For a long moment she didn’t react. Her first impression was that the old man was in distress. She had a glimpse of herself offering to help him back down to the ground, before the moment expanded, from the void between the old man and the road, to engulf her and the fencepost she reached out to and the swaying branches at the edges of her vision. He drifted on up the road, head thrown back, shirt glimmering, ruddy hands thick and gnarled in a rictus, pants coarse and faded, like the kind men wore in the fields long ago. He was not in distress. He was dead. Un muerto.
Alba backed away unsteadily from the road and turned to go back in the house. She quickened her step, glancing over her shoulder at the apparition. He grew smaller in the distance, moving slowly but steadily, a fleeting glimpse through swaying branches, like one of the American planes appearing suddenly in the familiar sky and making it wrong, a chill in the heart. All at once he was gone, or had stopped, out of sight behind the shrubbery. Alba stood rooted to the spot by the house. She moved her head, peering through one gap in the branches, then another. Nothing.
She walked warily back to the edge of the road and peered past the shrubs up the hill. The old man had stopped halfway up to the crest, about twenty paces away. He hung in midair, still as a post, but she could see his shirt rustling slightly in the breeze. He then pivoted in place to face her and came to a hard stop, like a door slammed shut, and she looked into his face for the first time. Hollow eyes, no eyes. Mouth open and black. She put a trembling hand up to her own mouth as all at once a rooster shrieked in the distance and a ray of light bled over the hill, the blue spreading across the sky like a drop of dye in a bucket of water. The old man was shot through with sunlight and he vanished.
Alba ran into the house as the din was taken up, hilltop to vale to hilltop; Doña Adela’s rooster back near the highway, then Moncho’s at the base of the hill and finally their own, letting out one reed-throated cry after another against the side of the house, rattling the thin clapboards as Alba sat heavily on the edge of her children’s bed. A root of pain and loss split her heart and stinging tears leapt to her eyes. They scattered the clear morning light that now crossed the front yard and ignited the picket fence, causing her vision to swim and shimmer. She pressed her fists to her eyes, and rocked a little, back and forth, not wanting to see the outside anymore, where everything seemed to be moving and taunting her.
She wanted to undo the dead man, send him back down the hill to wherever he came from. She didn’t want signs and portents, the distinction of having been touched by the hereafter. She didn’t want the responsibility of finding someone with peculiar talents, someone strange and off-putting, with a wandering eye or a house smelling of strange herbs. Someone to tell her how her life will end, or what lunacy Lucio might commit next or which son will pick up the evil eye.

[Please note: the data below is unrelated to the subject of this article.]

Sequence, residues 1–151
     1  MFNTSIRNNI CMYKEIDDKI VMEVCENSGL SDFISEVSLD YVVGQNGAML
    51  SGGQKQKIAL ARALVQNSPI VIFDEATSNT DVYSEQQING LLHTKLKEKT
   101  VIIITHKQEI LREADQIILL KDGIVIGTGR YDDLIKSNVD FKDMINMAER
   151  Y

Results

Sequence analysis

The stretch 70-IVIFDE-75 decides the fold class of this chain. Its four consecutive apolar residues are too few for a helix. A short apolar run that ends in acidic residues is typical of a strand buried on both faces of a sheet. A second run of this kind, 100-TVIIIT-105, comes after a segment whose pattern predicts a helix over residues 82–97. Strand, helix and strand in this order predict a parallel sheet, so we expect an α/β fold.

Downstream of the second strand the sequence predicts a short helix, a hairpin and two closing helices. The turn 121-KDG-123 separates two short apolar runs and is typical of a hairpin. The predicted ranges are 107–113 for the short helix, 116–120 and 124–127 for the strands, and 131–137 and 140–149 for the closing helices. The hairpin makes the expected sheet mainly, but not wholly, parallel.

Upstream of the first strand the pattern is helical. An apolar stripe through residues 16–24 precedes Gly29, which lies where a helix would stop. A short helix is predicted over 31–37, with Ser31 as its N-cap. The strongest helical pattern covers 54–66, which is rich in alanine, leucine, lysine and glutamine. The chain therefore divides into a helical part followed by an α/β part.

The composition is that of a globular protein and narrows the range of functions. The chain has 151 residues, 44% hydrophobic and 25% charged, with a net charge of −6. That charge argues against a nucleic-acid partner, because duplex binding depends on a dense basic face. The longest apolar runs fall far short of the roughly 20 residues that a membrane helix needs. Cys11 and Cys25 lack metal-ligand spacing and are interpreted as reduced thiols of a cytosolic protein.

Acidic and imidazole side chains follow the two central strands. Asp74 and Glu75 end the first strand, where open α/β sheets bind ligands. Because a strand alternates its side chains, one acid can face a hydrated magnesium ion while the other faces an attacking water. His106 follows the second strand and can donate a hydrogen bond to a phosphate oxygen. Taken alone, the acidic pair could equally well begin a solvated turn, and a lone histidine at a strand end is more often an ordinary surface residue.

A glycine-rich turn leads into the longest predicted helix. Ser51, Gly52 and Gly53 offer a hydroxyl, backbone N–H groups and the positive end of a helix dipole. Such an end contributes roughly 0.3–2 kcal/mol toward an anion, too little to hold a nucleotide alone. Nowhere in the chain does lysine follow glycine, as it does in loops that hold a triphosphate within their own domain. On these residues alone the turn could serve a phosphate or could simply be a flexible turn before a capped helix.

The day deepened as she sat there with her eyes closed. The air grew heavy and warm. The light crept in around her fists, through her eyelids, tinted red then gold as she opened them. The room shimmered and took form out of a million specks like the sun on the skin of the sea. Out of this surfaced the boys’ shoes, the floor boards, a stool and the stove’s broad silhouette against earth and sky.
“Mamá— qué te pasa?”
Martín stood leaning against the wall beside the bed, shirtless, holding some bauble, one bare foot on top of the other in a little awkward dance. He was peering at her from under a fringe of unkempt hair, his voice low and a little frightened. Alba sniffed and wiped the dampness from her cheeks. She sat for a moment looking at the sun-dappled view, then turned to him and took a deep, calming breath.
“Nada, ninõ.” She stood and removed her sweater and folded it, placing it on the bed. It promised to get as warm as the day before. Martín was alone, the first one back. She wondered when he had come in, how long he’d been standing there, watching her.
“No me mires. Paresco una loca.” Don’t look at me, she muttered, passing a hand over her face. I must look like a crazy woman.
She looked down at the sparkling thing in his fidgeting hands. Then she gently took his wrists and gently pulled him towards her to see it more closely.
Martín caught his breath and snatched his hands back.
“Tino,” she admonished, firmly but quietly. “Let me see what you have there.”
She pulled his hands up close again and quickly dropped them, catching a whiff of something pungent. “Tino! Qué carajo…”
He backed away, whining. “Tito gave it to me! He said it was a yoyo! He said it was a new yoyo he bought for me. He told me to meet him under the ceiba tree at Adela’s and he gave it to me and told me to hold it tight, to squeeze it really hard. And it popped…”